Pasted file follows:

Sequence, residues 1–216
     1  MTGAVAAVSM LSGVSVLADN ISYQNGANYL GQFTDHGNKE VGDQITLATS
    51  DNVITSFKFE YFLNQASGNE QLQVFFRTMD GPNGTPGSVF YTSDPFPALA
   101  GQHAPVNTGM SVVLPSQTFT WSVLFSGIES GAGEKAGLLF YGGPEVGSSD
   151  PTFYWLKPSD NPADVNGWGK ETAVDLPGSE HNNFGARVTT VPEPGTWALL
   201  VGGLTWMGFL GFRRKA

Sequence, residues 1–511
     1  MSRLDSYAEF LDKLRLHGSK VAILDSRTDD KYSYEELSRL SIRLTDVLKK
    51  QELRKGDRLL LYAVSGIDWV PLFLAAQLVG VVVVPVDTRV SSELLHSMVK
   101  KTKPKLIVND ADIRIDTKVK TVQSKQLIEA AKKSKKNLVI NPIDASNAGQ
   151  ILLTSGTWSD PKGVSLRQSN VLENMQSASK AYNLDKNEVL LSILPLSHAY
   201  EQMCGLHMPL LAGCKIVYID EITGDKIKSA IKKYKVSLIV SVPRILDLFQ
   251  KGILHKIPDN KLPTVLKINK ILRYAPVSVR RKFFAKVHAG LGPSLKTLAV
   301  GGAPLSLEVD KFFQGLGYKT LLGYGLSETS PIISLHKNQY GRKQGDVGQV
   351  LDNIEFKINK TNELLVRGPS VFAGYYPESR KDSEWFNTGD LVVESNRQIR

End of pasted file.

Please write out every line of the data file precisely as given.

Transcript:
Sequence, residues 1–216
     1  MTGAVAAVSM LSGVSVLADN ISYQNGANYL GQFTDHGNKE VGDQITLATS
    51  DNVITSFKFE YFLNQASGNE QLQVFFRTMD GPNGTPGSVF YTSDPFPALA
   101  GQHAPVNTGM SVVLPSQTFT WSVLFSGIES GAGEKAGLLF YGGPEVGSSD
   151  PTFYWLKPSD NPADVNGWGK ETAVDLPGSE HNNFGARVTT VPEPGTWALL
   201  VGGLTWMGFL GFRRKA

Sequence, residues 1–511
     1  MSRLDSYAEF LDKLRLHGSK VAILDSRTDD KYSYEELSRL SIRLTDVLKK
    51  QELRKGDRLL LYAVSGIDWV PLFLAAQLVG VVVVPVDTRV SSELLHSMVK
   101  KTKPKLIVND ADIRIDTKVK TVQSKQLIEA AKKSKKNLVI NPIDASNAGQ
   151  ILLTSGTWSD PKGVSLRQSN VLENMQSASK AYNLDKNEVL LSILPLSHAY
   201  EQMCGLHMPL LAGCKIVYID EITGDKIKSA IKKYKVSLIV SVPRILDLFQ
   251  KGILHKIPDN KLPTVLKINK ILRYAPVSVR RKFFAKVHAG LGPSLKTLAV
   301  GGAPLSLEVD KFFQGLGYKT LLGYGLSETS PIISLHKNQY GRKQGDVGQV
   351  LDNIEFKINK TNELLVRGPS VFAGYYPESR KDSEWFNTGD LVVESNRQIR